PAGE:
We also have to promote survivorship care to begin at the time of diagnosis. We need to be proactive about side effects and try to prevent them, instead of telling patients to expect them. Fatigue is the number one struggle for patients with cancer. The evidence shows that if a patient with cancer is power walking 3 times weekly for 30 minutes, fatigue will be reduced significantly. So why are we not making sure patients do that?
There is also value in patients having a patient advocate, which in most cases would be an oncology nurse advocator who understands the disease and the treatment and can provide education and support, and identify barriers, including cultural or financial barriers.
It is crucial to change the goals of health insurance coverage. Rather than focusing on covering treatment, the value to patients is in coverage for preventive care, which promotes health. There is more value in paying for keeping people healthy than paying for sickness.
Another big value issue for patients (as well as for providers) is continuity of care. Value-based care must ensure that we are delivering care in an efficient way, that it is effective, that we are not overtreating or undertreating, and that patients have access to care, in terms of geography and time. For example, many patients cannot afford to take time off from work to get a screening test. So that patient will not have the test. Geographic access and extended-hours access to a facility can improve overall care.
Finally, quality of life (QOL) must also be included in the patient’s definition of value. When QOL is poor, survival may not be what the patient perceives as value. Patients without QOL often prefer not to survive. Survival without QOL is not the ultimate value for patients.
Group V: Oncology Practices
Linda Bosserman; Thomas A. Marsland; Leonard Natelson: Oncology care is provided in academic practices and community practices but 80% of cancer care has been given in community practices. However, many of these practices are being bought up by hospitals that offer the opportunity to reduce fragmented care but will be challenged to maintain the innovation and engagement of entrepreneurial physicians. We believe that we are going to have a culture change in oncology. Until now, practices have been very physician-centric. Most physicians within a private oncology practice have 4 driving principles: (1) they love to practice medicine; (2) they value “cowboy independence” in patient decision-making and in care innovations, which was drilled into all of us in medical school; (3) they have business interests in running the practice; and (4) they are interested in research.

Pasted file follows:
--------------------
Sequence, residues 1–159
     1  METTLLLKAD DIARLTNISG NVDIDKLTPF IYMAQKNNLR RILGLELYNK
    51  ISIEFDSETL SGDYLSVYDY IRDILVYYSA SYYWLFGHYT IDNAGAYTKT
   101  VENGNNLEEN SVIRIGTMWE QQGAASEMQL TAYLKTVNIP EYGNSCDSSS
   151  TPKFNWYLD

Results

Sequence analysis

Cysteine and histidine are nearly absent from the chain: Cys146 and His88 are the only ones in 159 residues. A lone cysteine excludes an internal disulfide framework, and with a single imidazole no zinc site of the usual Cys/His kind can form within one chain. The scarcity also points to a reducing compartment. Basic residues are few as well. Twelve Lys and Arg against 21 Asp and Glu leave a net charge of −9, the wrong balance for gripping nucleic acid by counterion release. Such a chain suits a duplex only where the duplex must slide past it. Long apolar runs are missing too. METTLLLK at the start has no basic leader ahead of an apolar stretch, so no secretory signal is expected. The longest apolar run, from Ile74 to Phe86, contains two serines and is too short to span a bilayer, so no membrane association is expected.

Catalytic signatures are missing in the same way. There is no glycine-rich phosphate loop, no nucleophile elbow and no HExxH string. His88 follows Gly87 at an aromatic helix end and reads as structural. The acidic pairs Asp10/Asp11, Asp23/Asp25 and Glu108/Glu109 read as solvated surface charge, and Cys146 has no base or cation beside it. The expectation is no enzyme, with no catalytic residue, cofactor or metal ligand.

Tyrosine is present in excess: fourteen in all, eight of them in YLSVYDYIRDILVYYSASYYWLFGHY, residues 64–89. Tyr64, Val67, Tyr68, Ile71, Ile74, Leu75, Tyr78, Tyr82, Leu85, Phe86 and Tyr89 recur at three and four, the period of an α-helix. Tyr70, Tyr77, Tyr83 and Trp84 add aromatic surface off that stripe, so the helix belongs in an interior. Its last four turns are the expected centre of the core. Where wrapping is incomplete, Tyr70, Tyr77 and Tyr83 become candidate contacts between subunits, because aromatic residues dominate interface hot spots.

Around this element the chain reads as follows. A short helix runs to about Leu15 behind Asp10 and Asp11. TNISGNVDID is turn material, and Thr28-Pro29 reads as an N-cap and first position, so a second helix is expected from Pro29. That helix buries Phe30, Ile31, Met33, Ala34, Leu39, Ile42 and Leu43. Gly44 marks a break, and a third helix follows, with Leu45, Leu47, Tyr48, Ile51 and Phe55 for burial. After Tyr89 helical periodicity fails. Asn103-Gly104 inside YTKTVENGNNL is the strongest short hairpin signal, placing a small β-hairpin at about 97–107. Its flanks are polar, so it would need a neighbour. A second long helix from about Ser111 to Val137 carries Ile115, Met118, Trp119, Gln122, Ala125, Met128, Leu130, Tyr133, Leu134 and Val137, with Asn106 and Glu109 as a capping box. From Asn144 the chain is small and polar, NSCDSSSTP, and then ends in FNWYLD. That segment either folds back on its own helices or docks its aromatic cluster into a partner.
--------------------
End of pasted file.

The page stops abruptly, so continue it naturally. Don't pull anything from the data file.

But we now have a shortage of oncologists, and the question is, do we need physicians to run the business and do the negotiations, or do we need them to use their 14 years of training to lead teams that take care of patients, which no one else can do?
We believe that more systems of care are being created because patients want to have integration and focus on their overall health. As we move toward a patient-centered system, we need to remember that patients do not care how their doctor gets paid. Patients want to get the care they need—the right care, at the right time, in the right setting, for the best price. Cancer care is no longer about the doctor, it is about the patient. And it is moving from a focus on treatment at any cost to education and discussions with patients and payers about the overall health impact of care.